If the Weinberg chamber symphonies offer something additional through their echoes of the composer’s chamber music, Haydn’s Symphonies Nos. 90-92 offer something more than usual on a new CD from Profil – in part through what two of them do not include. These three symphonies occupy a rather odd place in Haydn’s later output. After creating Nos. 82-87 for Paris and Nos. 88-89 as a pair for the Esterháza orchestra, Haydn was asked to produce a trio of symphonies for Prince Kraft Ernst of Oettingen-Wallerstein. He eventually did so, and those are Nos. 90-92 – which Haydn carefully and cleverly wrote in the keys of the C minor chord (C, E-flat, G) and all of which he orchestrated for the same instrumental complement. The very fine performances of these works by Johannes Moesus and the Bayerisches Kammerorchester Bad Brückenau offer the symphonies just as Haydn planned and intended them – but there is more to these works’ story, and knowing the other elements helps listeners hear the symphonies in a new light. For one thing, Haydn, a shrewd and not always 100% forthright businessman, actually sold the symphonies twice – first to the same Paris organization that had commissioned Nos. 82-87 and only on second thought to Prince Kraft Ernst. Thus, these were clearly “commodity” symphonies, designed by Haydn to appeal as widely as possible and to take advantage of what was at the time (1789) his very considerable fame. For another thing, Symphonies Nos. 90 and 92 are never heard today as Haydn originally wrote them and as Moesus conducts them: they are played with trumpets and timpani, which Haydn added later to give these two works greater heft and a more celebratory feeling. It is these added instruments that Moesus notably omits. On top of these matters, No. 92, with the added instruments, has long been called the “Oxford” because of a later performance in a city far from Oettingen-Wallerstein. Because of all these factors, Moesus’ first-rate interpretations of Nos. 90 and 92 are world première recordings in the original orchestration, and these readings fit beautifully with that of No. 91 to produce a three-symphony sequence far more unified than anything else in Haydn’s late symphonic production and all the more interesting to hear as a result.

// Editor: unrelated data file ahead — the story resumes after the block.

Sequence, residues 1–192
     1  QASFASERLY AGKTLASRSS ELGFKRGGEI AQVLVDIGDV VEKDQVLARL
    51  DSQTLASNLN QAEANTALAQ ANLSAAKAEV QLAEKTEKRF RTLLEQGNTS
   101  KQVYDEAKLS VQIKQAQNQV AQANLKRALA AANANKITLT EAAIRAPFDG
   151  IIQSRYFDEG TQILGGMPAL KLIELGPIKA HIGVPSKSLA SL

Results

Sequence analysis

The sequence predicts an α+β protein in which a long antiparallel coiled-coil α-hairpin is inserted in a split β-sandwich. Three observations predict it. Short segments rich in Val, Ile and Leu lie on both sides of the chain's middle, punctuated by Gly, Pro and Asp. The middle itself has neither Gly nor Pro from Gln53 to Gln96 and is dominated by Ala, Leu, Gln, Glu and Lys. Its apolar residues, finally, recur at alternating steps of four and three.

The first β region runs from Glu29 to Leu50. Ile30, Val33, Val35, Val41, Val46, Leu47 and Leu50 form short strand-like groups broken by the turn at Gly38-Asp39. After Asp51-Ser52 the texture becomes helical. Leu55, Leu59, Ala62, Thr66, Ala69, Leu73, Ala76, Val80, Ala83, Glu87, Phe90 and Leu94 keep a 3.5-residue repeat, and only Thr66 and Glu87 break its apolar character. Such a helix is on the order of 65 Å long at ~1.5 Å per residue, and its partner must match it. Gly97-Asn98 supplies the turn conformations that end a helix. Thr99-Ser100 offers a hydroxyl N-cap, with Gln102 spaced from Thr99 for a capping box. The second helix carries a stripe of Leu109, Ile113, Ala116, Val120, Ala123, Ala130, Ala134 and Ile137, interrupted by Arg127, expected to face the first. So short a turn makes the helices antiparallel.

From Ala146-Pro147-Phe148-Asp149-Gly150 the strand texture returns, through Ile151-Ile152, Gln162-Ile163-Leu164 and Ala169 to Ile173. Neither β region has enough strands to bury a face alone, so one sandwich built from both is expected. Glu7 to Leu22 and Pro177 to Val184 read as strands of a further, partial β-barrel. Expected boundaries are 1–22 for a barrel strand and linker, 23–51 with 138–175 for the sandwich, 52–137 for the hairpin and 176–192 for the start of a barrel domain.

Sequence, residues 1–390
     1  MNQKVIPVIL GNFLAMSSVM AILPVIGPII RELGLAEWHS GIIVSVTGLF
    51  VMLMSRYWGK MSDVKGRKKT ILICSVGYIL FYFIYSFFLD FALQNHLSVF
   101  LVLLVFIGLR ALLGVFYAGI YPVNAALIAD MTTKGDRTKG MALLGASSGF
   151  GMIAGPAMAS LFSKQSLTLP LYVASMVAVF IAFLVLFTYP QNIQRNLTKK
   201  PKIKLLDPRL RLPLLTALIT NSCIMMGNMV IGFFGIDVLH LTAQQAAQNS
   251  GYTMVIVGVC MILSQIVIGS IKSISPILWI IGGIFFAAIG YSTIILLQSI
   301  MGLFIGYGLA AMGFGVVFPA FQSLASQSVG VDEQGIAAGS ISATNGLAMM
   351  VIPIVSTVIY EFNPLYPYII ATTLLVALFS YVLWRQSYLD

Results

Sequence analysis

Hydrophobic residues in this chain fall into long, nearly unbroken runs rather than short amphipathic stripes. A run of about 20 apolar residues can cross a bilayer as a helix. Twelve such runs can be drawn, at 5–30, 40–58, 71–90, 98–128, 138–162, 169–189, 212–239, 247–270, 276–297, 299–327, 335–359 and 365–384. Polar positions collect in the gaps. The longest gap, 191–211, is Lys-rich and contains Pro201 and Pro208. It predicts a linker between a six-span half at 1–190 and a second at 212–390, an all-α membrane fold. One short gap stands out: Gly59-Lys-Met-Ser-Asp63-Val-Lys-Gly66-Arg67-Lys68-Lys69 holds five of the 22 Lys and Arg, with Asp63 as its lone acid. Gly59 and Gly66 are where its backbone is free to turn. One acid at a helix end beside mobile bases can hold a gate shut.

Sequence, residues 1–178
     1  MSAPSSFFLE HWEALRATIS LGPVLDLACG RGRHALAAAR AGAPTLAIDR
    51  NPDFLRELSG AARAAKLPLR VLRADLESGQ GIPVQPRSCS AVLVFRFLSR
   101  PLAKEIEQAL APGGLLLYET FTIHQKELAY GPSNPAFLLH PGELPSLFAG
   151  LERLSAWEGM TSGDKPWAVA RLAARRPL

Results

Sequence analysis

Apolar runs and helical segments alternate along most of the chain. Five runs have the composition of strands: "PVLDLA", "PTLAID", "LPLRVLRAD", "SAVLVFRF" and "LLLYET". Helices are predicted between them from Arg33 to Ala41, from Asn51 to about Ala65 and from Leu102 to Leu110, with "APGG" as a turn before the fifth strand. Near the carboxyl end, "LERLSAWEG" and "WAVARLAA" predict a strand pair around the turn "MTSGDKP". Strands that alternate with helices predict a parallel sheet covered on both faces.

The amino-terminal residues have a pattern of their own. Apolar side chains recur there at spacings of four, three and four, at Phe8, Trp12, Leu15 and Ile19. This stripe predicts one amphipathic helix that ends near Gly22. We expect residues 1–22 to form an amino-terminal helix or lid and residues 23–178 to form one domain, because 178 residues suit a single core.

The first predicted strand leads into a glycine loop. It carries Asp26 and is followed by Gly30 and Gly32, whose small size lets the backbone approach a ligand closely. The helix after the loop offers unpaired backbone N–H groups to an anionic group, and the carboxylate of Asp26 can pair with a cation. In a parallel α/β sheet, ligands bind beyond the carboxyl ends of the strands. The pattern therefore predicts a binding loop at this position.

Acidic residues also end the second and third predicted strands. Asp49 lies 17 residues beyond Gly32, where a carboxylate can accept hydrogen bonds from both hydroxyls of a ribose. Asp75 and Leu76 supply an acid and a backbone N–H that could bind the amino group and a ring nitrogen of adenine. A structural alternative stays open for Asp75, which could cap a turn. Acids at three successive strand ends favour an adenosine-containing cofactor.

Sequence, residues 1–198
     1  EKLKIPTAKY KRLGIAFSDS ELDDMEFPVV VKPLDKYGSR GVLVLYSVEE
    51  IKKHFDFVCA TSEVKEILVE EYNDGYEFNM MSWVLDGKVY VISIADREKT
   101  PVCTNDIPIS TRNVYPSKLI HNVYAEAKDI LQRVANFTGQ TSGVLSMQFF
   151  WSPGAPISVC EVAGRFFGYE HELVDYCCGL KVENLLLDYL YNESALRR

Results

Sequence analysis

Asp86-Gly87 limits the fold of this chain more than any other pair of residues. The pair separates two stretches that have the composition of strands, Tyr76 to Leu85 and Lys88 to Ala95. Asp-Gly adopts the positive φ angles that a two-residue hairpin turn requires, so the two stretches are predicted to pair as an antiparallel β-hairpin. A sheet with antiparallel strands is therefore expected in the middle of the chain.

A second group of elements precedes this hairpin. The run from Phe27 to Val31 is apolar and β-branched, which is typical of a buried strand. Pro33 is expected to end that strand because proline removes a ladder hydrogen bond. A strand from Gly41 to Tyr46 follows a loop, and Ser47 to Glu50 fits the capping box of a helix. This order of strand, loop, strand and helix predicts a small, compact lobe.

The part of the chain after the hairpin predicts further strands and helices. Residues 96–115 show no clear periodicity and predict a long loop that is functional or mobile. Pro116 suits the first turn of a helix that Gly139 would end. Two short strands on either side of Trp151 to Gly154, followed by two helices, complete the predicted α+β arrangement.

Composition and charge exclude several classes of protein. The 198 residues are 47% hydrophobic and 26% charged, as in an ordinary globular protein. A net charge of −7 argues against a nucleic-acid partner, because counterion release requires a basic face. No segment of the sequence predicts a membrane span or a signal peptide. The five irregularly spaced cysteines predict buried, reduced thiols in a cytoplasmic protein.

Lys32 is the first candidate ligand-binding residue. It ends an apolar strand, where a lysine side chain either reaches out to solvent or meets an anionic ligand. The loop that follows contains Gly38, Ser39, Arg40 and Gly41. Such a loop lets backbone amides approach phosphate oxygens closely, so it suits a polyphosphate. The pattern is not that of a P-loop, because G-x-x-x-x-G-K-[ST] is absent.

John A. Carollo’s Symphony No. 3 of 2017 has little in common musically with either the works of Weinberg or those of Haydn, but it does have some “extras” of its own. For one thing, just as Weinberg based his first and third chamber symphonies on earlier works, so Carollo based his third symphony on a song cycle he had written earlier, to texts by William Blake, called Awake Humanity to Nature’s Beauty! Also, just as Haydn added additional instruments to his original versions of Symphonies Nos. 90 and 92, Carollo added something to his orchestra for Symphony No. 3: a wordless soprano voice. This is not in itself anything particularly new: Nielsen has a wordless soprano and baritone in his Symphony No. 3 of 1910-11, and more-recent composers have used the vocalise technique as well – for instance, Giya Kancheli in his Symphony No. 3 of 1973. Still, the vocal elements are effectively handled by Carollo, and they work particularly well because his medium in the symphony is essentially tonal, albeit with plenty of dissonance and a perhaps inevitable emphasis from time to time on percussion. The four-movement symphony is only about the length of most of Haydn’s – just 28 minutes on a Navona release featuring the London Symphony Orchestra under Miran Vaupotić, with soprano Emma Tring. The symphony is evocative in a mostly straightforward way: the opening “To Morning” sounds like movie music used at dawn; the second movement (“Gestural Rituals”) is filled with percussion and with sweeping strings that, again, sound filmic; “In the Garden of Earthly Delights,” the third movement, which features the vocalise elements, has a chamber-music-like opening, a speedier middle section, and a brass-and-percussion conclusion in which the soprano sounds rather pained; and the finale, “Let the Evening Stillness Arouse,” starts with tone painting resembling that of the first movement and remains mostly on the quiet side until the volume picks up toward the end for an emphatic climax and fade-out. The music is well-crafted and is very well, even sumptuously played by the London Symphony Orchestra, but the symphony is not especially original in sound or orchestration, despite the inclusion of the soprano voice. And the disc, being quite short and having just this one work on it, gets a (+++) rating – it appears to be aimed at current fans of Carollo who want this new symphony to add to an existing collection.